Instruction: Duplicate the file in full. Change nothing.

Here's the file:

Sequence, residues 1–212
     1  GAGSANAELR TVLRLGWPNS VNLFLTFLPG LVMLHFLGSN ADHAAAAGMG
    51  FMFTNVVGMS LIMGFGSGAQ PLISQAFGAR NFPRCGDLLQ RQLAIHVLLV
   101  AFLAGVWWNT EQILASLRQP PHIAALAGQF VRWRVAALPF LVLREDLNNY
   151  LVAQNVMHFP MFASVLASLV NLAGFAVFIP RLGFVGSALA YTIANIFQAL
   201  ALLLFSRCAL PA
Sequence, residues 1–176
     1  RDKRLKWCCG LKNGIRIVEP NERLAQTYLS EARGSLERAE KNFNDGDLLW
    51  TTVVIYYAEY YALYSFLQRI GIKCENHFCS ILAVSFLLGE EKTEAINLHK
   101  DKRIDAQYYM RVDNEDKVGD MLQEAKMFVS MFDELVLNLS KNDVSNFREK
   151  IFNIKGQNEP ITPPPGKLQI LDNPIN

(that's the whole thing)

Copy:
Sequence, residues 1–212
     1  GAGSANAELR TVLRLGWPNS VNLFLTFLPG LVMLHFLGSN ADHAAAAGMG
    51  FMFTNVVGMS LIMGFGSGAQ PLISQAFGAR NFPRCGDLLQ RQLAIHVLLV
   101  AFLAGVWWNT EQILASLRQP PHIAALAGQF VRWRVAALPF LVLREDLNNY
   151  LVAQNVMHFP MFASVLASLV NLAGFAVFIP RLGFVGSALA YTIANIFQAL
   201  ALLLFSRCAL PA
Sequence, residues 1–176
     1  RDKRLKWCCG LKNGIRIVEP NERLAQTYLS EARGSLERAE KNFNDGDLLW
    51  TTVVIYYAEY YALYSFLQRI GIKCENHFCS ILAVSFLLGE EKTEAINLHK
   101  DKRIDAQYYM RVDNEDKVGD MLQEAKMFVS MFDELVLNLS KNDVSNFREK
   151  IFNIKGQNEP ITPPPGKLQI LDNPIN